One of the big questions heading into this offseason for the Los Angeles Kings was Adrian Kempe’s contract situation. It never seemed like a question of if but when and how much he would re-sign for. Friday, after the conclusion of Day 2 of the 2022 Draft, that question was answered with Pierre Lebrun and Darren Dreger breaking news that Kempe had re-signed with the team.
According to TSN’s Darren Dreger, the contract is a four-year deal worth $22 million in total, for an average annual value (AAV) of $5.5 million. This is a great deal for Kempe and the team. Looking first at the cost, $5.5 million is excellent value for him, as that price reflects exactly what he was last season. Scoring 35 goals will always command a big pay raise, but he isn’t significantly overpaid with this contract. A big concern from many fans was that he would get paid as a 30-goal scorer, despite only reaching the mark once in his career, and the Kings avoided that risk. Last season, he was excellent, but not without issues, as he was poor defensively and didn’t do much as a playmaker, bringing his cost down from what a traditional 35-goal scorer would command.
The way I view this deal is if he remains the same player next season, a 30-goal plus scorer who doesn’t bring much outside of that, he’s getting paid properly. If his numbers improve playing on a line with the newly acquired Kevin Fiala, then the Kings get him at a slight discount. If he regresses and becomes more of a 20-25 goal scorer and around 45 points, he’s slightly overpaid. I’m sure that the last point scares a lot of fans, particularly people who aren’t Kempe believers, but you have to pay to keep a guy like him on your team.
The risk of Kempe underperforming brings me to the length of the contract. A four-year deal gives the Kings some security in case he does regress and last season was a flash in the pan. You’d still be overpaying someone for four seasons, but that’s a lot better than overpaying someone for six to eight years. It also works for Kempe, as if he does improve and is a consistent 30-goal, 60-point player during this contract, he can cash in at 29 when it expires, either with the Kings or on the open market. If the Kings would be interested in signing him to big money at the end of this deal, they will also have more cap flexibility at that time. By then, Anze Kopitar’s $10 million will be off the books, along with Viktor Arvidsson, Alex Iafallo, and Jonathan Quick’s contracts.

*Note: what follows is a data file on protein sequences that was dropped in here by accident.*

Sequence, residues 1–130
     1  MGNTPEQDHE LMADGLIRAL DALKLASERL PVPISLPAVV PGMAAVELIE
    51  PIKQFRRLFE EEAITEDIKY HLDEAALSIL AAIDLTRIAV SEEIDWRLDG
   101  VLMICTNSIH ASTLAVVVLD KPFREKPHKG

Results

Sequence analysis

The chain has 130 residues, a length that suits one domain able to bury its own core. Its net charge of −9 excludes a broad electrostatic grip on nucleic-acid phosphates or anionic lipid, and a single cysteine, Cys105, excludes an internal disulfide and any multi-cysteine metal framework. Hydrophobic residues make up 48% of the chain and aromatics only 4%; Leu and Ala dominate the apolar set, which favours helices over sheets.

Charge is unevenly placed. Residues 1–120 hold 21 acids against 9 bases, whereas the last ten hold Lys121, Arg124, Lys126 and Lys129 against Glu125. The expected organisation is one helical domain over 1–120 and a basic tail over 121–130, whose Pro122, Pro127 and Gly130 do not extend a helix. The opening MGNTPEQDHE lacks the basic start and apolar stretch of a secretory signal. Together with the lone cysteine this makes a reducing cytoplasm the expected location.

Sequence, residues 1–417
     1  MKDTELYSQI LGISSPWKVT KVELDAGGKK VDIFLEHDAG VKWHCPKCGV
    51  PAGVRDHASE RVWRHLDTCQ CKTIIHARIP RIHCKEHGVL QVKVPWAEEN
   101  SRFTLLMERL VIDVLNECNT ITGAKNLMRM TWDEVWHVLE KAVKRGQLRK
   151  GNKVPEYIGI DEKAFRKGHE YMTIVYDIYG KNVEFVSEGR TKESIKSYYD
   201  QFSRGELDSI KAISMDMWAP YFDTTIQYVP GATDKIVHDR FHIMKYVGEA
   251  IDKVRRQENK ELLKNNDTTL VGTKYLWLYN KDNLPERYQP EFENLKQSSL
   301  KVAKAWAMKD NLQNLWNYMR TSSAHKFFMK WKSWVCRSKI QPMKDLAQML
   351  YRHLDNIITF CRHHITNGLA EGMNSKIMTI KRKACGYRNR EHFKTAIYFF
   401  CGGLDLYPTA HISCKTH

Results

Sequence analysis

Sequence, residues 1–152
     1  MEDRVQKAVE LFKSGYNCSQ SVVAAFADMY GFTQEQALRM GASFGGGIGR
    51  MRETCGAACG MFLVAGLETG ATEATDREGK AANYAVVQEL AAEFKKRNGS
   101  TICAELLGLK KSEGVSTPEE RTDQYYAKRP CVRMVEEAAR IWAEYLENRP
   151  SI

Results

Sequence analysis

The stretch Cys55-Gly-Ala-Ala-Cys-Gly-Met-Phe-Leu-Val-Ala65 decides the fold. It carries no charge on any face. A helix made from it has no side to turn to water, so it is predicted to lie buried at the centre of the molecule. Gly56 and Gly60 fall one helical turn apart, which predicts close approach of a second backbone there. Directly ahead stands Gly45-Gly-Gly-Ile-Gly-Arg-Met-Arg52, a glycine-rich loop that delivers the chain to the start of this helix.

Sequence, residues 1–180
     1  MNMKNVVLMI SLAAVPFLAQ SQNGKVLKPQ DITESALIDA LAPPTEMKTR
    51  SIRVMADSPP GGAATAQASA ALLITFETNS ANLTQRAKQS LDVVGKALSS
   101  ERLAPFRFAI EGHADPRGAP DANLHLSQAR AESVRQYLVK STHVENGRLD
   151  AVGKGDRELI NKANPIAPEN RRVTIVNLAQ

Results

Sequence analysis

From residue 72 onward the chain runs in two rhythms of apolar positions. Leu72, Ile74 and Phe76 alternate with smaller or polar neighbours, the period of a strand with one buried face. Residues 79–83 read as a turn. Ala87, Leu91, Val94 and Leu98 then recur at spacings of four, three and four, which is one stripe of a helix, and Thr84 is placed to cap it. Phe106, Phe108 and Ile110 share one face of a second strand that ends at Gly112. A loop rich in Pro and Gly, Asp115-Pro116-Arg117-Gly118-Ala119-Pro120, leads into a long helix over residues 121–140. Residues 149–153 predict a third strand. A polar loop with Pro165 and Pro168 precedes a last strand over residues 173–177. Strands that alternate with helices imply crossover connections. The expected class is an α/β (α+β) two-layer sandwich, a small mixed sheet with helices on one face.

Of course, the team will replace those contracts, but they will have more room to work with, especially after Kopitar’s is up. Overall, general manager Rob Blake knocked it out of the park with this contract, as it’s a deal that works great for both parties. By paying Kempe fair value after his breakout season, it gives the Kings security in case he regresses and him a chance to cash in if he improves further.
How This Impacts the Kings’ Roster
The Kings knocked out their big deal of the offseason early, acquiring Fiala last week and signing him to a seven-year, $55 million contract carrying an AAV of $7.875 million. Fiala’s contract and now Kempe’s give the Kings roughly $6.5 million to re-sign players this summer. Pending restricted free agents (RFAs) include Lias Andersson, Carl Grundstrom, Brendan Lemieux, Gabe Vilardi, Mikey Anderson, and Sean Durzi, while unrestricted free agents (UFAs) include Andreas Athanasiou, Alex Edler, Olli Maatta, and Troy Stecher. With just $6.5 million in cap space available, several of these players will depart before 2022-23 begins.